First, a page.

Tom Dawson of Total Film thought "Erskine's One Night In Turin argues that the endeavours of Bobby Robson's players eased the memories of Heysel and Hillsborough, leading to a rebirth of the national game..." Richard Luck of Film4.com said, "More compelling still is Erskine's insistence that, as disappointing as defeat might have been, the way England played throughout Italia 90 went a long way towards soothing the nightmares of Heysel, Bradford and Hillsborough. It's a well-constructed argument that points up the insignificance of victory and defeat in the greater scheme of things." He added: "One night in Turin might have restored national pride but it pointed towards the selfishness that has since ruined the beautiful game."
Kevin Pocock of Den of Geek rated the film 2/5 and described is as "a well-constructed, finely narrated, re-stitching of that titular night in Turin, intriguing for those who didn't witness the events when they happened, and equally so for those who haven't mulled it to death since." Robert Beames of What Culture thought "...anyone with an interest in football history (or even anyone nostalgic for Italia ’90) will find themselves engaged and excited by all this material. However, if you have no interest in football (and have no memory of 1990), then it would hard to you getting anything out of this documentary film." Ronald Short of College Movie Review scored the film a D- and said, "For an indie film, it's decent. I'm sure the soccer fans will love it, but as for the rest of us? It's nothing really worth watching."
Mark Douglas of The Journal described it as "It is an unashamedly enjoyable hour and a half." He added: "Perhaps the film might have been beefed up by a few talking heads slots, which would have given the main protagonists an opportunity to expand on their roles in this particular passion play." Edward Porter of The Sunday Times said, "Like many an England performance, it's the work of a team making the best of limited resources. Not only are there no interviews, but the footage of the game — and of all the other matches covered in the build-up — is patchy." Peter Martin of Twitch Film thought "Much time and care was spent on the recreations, but they have an odd flavor, with the majority of them consisting of unnecessary inserts that stick out from the archival material like a series of sore thumbs." He added: "Gary Oldman, who narrates, speaks in flat, even tones... It's a refreshing, realistic approach, but it's undermined by the recreations. I wonder if all that time and effort wouldn't have been better served by integrating modern-day interviews providing historical perspective, such as the interview with author Pete Davies that's included as one of the extras."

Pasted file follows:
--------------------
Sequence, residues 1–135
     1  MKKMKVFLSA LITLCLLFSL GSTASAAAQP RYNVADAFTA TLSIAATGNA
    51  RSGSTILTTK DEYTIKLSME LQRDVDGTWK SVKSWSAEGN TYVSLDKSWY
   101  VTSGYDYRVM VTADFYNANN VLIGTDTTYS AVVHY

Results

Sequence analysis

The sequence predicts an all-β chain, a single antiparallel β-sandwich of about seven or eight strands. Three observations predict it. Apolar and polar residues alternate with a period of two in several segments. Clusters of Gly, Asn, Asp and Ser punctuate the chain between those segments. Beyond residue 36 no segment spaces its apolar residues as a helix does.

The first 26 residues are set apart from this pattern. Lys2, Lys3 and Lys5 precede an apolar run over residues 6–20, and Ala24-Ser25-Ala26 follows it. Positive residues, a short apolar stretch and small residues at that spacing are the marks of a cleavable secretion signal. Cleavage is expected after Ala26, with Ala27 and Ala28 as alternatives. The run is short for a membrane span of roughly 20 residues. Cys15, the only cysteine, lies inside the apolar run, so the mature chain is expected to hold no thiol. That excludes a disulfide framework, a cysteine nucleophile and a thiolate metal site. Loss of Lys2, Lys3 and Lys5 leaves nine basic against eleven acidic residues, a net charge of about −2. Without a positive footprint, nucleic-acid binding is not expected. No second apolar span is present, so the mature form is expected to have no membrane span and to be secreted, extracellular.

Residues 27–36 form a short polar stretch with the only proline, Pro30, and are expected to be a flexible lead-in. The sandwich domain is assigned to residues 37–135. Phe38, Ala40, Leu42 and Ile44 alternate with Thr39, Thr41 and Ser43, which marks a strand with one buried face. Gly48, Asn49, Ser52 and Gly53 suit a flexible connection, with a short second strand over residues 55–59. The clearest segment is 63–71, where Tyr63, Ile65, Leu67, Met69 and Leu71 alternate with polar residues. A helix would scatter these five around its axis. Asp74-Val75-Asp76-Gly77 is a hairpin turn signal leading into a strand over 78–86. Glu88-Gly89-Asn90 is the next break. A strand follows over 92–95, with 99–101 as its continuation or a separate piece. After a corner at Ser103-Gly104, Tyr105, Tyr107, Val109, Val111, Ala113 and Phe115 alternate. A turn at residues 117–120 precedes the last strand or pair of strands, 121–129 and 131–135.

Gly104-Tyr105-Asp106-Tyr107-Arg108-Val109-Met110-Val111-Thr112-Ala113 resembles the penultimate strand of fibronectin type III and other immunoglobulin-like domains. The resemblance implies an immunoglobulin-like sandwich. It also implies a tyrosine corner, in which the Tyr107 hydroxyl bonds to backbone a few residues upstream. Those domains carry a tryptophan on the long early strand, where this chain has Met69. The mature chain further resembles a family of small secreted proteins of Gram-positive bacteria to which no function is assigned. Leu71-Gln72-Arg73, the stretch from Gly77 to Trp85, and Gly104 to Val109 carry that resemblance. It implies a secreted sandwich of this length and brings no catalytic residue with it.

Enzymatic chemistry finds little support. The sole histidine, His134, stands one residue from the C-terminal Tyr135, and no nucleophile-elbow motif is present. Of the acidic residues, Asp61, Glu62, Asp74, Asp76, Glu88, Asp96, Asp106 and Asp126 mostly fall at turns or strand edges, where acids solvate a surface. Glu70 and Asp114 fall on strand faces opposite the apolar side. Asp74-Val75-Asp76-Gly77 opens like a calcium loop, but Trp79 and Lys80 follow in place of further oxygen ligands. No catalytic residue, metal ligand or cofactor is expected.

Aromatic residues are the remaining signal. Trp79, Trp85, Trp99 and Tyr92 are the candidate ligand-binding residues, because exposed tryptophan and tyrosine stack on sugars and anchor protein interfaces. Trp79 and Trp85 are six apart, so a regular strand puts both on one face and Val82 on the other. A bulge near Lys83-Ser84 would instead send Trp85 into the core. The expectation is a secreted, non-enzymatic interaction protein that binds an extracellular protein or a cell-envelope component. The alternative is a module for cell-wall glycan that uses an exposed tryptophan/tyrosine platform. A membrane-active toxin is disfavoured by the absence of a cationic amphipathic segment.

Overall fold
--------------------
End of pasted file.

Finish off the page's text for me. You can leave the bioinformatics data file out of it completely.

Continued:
David Edwards of the Mirror.co.uk said, "One Night In Turin... provides an entertaining look at how manager Bobby Robson became a national hero and Gazza's tears made him a celebrity. Crucially, though, it fails to tell us anything we didn't already know." Anthony Quinn of The Independent said thought "The director James Erskine catches something of the mood ("Nessun Dorma" is in there too), but offers nothing in the way of perspective or second thoughts." Philip French of The Observer said, "The film is strictly for nostalgists and students of visual and verbal clichés." Phil of De Semlyen of Empire rated the film 2/5 and called it "Nostalgic viewing for fans that offers up too little by way of fresh insights."
Peter Bradshaw of The Guardian said, "As it is, One Night in Turin looks a bit like a DVD given away with a Sunday newspaper – but watchable, nevertheless." Wendy Idle of The Times said, "All documentaries tend to nudge reality towards a slightly heightened sense of drama but this is like taking a shameless dive in the penalty area: a little undignified."
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- Barber, Nicholas (2 October 2011). "Hot Tub Time Machine, Steve Pink, 99 mins, (15) A Nightmare on Elm Street, Samuel Bayer, 102 mins, (18) The Back-Up Plan, Alan Poul, 103 mins, (12A)". The Independent on Sunday. Retrieved 30 June 2014.
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- "One Night in Turin". College Movie Review. Retrieved 30 June 2014.
- Porter, Edward (9 May 2010). "One Night in Turin". The Sunday Times. Retrieved 30 June 2014.
- Edwards, David (7 May 2010). "Film reviews: Four Lions, One Night In Turin and SUS". Mirror.co.uk. Retrieved 30 June 2014.
- French, Philip (9 May 2010). "One Night in Turin". The Observer. Retrieved 30 June 2014.
- De Semlyen, Phil (10 May 2010). "One Night in Turin". Empire. Retrieved 30 June 2014.
- Bradshaw, Peter (6 May 2010). "One Night in Turin". The Guardian. Retrieved 30 June 2014.
- Porter, Edward (7 May 2010). "One Night in Turin". The Times. Retrieved 30 June 2014.